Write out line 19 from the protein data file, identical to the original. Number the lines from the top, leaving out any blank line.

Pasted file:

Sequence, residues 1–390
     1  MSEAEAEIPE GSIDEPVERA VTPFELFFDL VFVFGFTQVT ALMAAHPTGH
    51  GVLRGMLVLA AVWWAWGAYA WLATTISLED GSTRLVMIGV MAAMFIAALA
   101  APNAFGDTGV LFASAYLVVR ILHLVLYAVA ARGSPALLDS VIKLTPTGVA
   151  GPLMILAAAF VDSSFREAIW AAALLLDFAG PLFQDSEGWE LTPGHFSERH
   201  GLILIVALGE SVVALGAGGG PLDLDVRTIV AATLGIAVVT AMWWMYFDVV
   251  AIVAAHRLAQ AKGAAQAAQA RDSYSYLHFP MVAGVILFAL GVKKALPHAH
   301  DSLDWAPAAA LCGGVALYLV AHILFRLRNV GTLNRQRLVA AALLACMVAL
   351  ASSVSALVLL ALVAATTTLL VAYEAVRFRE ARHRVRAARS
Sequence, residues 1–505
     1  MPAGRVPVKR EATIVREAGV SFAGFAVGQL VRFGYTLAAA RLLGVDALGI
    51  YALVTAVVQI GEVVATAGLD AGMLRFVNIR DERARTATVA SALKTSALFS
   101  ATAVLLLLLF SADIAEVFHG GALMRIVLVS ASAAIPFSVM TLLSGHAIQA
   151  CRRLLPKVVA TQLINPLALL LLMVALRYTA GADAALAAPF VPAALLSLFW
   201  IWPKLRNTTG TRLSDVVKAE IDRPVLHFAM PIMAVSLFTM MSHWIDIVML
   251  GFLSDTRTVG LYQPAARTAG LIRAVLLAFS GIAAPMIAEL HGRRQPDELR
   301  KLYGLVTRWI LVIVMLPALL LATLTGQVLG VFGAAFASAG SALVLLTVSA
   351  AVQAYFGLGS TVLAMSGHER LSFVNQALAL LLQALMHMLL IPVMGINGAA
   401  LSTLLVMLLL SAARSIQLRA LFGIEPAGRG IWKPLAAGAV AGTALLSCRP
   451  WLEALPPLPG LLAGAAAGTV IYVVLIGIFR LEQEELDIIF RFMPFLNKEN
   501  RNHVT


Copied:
   401  LSTLLVMLLL SAARSIQLRA LFGIEPAGRG IWKPLAAGAV AGTALLSCRP